overactive thyroid

What is Overactive Thyroid?

An overactive thyroid, sometimes referred to as hyperthyroidism, is a condition in which the thyroid gland produces too much of the hormone thyroxine. Thyroxine is responsible for regulating many of the body’s functions, so when too much is produced, it can disrupt the body’s natural balance. Having an overactive thyroid can affect any age, gender and race, but is most common among women, particularly those in their 30s and 40s.

See also  The Different Types of Thyroid Hormone Replacement Therapy

Signs and Symptoms of Overactive Thyroid

The main signs and symptoms of overactive thyroid include:

  • Unexplained weight loss
  • Rapid or irregular heartbeat
  • Nervousness or anxiety
  • Trouble sleeping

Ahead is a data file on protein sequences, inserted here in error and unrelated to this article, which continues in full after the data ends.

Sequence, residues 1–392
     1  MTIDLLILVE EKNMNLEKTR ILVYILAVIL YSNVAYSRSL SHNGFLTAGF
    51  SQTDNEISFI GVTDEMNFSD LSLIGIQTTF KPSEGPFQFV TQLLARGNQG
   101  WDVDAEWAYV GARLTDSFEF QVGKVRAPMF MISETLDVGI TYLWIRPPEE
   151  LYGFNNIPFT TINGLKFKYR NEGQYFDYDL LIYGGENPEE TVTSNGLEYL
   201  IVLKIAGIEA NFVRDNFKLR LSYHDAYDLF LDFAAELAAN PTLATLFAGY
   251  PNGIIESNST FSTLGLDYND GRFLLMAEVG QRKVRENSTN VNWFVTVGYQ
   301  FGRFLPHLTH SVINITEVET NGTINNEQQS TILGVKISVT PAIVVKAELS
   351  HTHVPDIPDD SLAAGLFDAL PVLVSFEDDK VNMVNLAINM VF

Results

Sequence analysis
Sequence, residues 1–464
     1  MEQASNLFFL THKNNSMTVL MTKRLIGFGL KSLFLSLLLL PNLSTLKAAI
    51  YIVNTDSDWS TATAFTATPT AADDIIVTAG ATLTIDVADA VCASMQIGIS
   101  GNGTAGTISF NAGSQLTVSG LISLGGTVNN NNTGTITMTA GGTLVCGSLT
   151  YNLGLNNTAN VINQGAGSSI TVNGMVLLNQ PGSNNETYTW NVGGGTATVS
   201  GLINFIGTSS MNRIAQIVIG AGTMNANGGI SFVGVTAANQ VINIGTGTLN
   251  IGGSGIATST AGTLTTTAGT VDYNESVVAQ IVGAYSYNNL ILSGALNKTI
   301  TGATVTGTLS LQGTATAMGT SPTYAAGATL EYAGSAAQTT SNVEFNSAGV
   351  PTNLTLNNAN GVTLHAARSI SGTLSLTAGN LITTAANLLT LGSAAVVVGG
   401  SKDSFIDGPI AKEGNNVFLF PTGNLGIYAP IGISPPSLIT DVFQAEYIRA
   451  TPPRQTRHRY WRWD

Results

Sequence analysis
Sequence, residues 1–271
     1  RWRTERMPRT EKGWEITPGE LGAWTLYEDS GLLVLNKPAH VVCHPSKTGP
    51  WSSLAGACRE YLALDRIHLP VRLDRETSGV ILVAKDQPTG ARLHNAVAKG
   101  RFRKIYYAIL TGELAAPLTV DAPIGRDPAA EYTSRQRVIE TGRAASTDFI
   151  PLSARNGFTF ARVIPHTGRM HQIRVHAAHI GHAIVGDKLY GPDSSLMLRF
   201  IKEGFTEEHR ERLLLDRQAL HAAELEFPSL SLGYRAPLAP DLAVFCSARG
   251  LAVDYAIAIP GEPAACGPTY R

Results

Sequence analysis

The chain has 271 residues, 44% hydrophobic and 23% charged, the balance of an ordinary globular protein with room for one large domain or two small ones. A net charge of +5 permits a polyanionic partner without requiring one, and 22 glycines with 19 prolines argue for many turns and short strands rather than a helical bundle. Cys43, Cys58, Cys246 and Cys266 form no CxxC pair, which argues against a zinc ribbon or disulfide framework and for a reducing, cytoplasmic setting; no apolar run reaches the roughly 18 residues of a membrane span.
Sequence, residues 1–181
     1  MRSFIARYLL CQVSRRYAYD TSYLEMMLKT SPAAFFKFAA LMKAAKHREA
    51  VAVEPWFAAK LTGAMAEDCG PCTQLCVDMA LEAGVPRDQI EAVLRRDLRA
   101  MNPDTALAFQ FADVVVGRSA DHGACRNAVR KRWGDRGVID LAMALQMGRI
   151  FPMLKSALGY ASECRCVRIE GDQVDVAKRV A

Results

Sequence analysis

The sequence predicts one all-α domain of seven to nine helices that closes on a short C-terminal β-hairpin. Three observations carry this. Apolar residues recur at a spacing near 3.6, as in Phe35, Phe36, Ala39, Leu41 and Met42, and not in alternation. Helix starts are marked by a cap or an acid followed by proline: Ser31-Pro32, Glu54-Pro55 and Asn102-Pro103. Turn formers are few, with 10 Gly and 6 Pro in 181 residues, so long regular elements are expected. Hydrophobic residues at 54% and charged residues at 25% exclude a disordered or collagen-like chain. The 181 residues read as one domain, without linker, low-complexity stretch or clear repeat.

• Difficulty concentrating
  • Fatigue
  • Sweating
  • Sensitivity to heat
  • Frequent bowel movements

Causes of Overactive Thyroid

The most common cause of an overactive thyroid is an autoimmune disorder called Grave’s disease. This causes the body to mistakenly attack the thyroid and causes it to become overactive. Other potential causes of an overactive thyroid may be caused by a tumor on the thyroid, inflammation of the thyroid, taking too much synthetic thyroid hormone, or pregnancy.

Diagnosis and Treatment of Overactive Thyroid

Overactive thyroid is typically diagnosed with a blood test to measure levels of thyroxine in the body. Treatment for an overactive thyroid often includes taking antithyroid medication to reduce the amount of thyroxine produced by the thyroid. In some cases, a patient may require surgery or radioactive iodine treatment to stop or shrink the overactive thyroid.

If left untreated, overactive thyroid can lead to serious health complications including heart failure, coma, or even death. Therefore, it is important to see a doctor if you are experiencing symptoms of an overactive thyroid to get an accurate diagnosis and treatment.

See also  thyroid doctor